Sunrise Aigele

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The blog banter for this month concerns missiles. The only thing I know about missiles is that I can hardly even fire them, let alone comment on their performance! Fortunately, Rixx Javix has come to my rescue with this toothsome post:

When I think back about how Eve was perceived at the time I started playing it is amazing to me that it was considered “complex” back then. This was the age when the infamous “learning curve” graphic was made. I find that surprising considering how simple Eve in 2008 seems compared to Eve 2015. Everything was so much more streamlined back then. Just off the top of my head we’ve added Strategic Cruisers, T3 Destroyers, Dominion Sov, Incursions, FW Systems, Missions, Wormholes, Crime Watch, Exploration ships like the Astero, Stratios, not to mention a slew of additional ships like the Barghest and others. And that is just off the top of my head. And soon we’ll be adding even more to that list. Citadels, player-built Gates, and a whole new Sov system. Not to mention other things that I suddenly remember, like y’know, Drifters and Sleepers and… the list is rather long.

Which begs the question, has Eve become bloated with features and choices? And is that a good or a bad thing?

I am not sure that it has. If anything the universe shrank once I realized that there was no significance to the fact that there were pirates within a few AU of the seat of the Empire, that it was merely an artifact of an archaic PVE system. The variously functioning merchant gates, dens of ill repute, and deadspace colonizations–some containing multiple stations!–were nothing but décor. To this day I believe that CCP lost an opportunity there to add a third dimension to high security space. I believe that if EVE suffers from anything, it is the extent to which its promise is unfulfilled. In many ways it is as much a series of large, mostly featureless rooms as it is a sci-fi virtual universe. Much of my early confusion was due to my not having sorted out which were true villages and which were Potemkin. The first revelation was that there is not much of a game at all, in the way you would normally think of one.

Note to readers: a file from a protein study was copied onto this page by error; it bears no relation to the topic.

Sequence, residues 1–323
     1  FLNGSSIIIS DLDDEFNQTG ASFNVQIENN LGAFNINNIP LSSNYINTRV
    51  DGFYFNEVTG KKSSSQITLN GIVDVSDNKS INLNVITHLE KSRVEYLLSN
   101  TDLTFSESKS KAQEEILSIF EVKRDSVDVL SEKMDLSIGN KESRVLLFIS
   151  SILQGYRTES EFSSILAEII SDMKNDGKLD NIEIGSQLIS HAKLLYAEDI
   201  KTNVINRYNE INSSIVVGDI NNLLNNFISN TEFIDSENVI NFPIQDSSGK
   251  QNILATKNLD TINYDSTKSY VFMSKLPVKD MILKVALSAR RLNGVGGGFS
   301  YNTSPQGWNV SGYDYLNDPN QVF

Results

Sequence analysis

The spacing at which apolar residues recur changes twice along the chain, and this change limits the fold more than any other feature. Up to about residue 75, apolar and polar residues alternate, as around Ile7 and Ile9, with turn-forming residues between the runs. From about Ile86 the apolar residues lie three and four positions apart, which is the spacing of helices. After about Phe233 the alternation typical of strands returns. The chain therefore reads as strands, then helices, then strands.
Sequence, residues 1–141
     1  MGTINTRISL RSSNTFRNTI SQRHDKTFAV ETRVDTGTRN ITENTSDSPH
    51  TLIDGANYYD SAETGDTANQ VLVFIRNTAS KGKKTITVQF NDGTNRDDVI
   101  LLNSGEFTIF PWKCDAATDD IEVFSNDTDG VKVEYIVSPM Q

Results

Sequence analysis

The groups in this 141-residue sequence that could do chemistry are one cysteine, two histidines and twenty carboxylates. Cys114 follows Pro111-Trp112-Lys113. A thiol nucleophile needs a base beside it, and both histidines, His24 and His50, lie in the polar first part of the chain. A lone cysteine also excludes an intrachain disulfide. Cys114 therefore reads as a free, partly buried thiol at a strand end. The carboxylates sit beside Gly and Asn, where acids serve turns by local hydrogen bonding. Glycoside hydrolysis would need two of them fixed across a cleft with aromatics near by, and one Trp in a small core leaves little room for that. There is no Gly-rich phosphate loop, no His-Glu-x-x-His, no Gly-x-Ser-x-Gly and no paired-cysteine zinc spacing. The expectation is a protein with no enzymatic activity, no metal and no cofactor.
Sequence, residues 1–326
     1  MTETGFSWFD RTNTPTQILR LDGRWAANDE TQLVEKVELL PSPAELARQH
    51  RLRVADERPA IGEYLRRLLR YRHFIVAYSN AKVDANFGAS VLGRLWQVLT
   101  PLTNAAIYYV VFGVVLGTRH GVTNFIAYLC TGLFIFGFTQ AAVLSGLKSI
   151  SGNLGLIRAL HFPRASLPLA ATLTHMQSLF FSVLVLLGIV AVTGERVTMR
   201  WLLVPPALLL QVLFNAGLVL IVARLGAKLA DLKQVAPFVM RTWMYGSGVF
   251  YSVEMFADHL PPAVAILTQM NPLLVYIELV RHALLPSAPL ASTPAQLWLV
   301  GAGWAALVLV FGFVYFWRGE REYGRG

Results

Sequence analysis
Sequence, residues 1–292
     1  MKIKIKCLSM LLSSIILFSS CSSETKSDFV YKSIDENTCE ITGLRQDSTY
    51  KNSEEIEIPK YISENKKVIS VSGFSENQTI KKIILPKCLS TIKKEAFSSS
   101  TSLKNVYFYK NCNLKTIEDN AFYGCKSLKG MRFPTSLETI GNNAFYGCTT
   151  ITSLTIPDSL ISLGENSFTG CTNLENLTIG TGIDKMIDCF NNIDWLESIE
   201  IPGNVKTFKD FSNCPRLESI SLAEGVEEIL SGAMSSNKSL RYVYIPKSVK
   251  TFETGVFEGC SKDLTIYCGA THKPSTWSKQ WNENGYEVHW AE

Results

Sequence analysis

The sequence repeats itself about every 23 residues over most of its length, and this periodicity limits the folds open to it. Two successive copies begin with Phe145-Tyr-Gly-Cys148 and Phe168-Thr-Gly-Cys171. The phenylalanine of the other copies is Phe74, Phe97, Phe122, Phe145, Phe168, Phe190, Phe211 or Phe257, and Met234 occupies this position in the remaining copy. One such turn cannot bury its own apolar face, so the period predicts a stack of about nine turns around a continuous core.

The issue EVE has is that its principle gameplay is preparation. I cannot think of another MMO bold enough to stake its existence on such a thing, but EVE has. Yes, there are people who “log in and pew pew,” but with rare exceptions their play style is made possible by careful and often invisible planning and logistics. If you wish to do much more than lose frigates, EVE requires a long view. To see the world from the top of a mountain, you must spend hours, even days looking at rock and stones. But when you reach the top of the mountain, it is all worth it. If you have guided others to share the view with you when they could not have made it on their own, that is its own thrill. For EVE to remain successful by this light, it must have many mountains.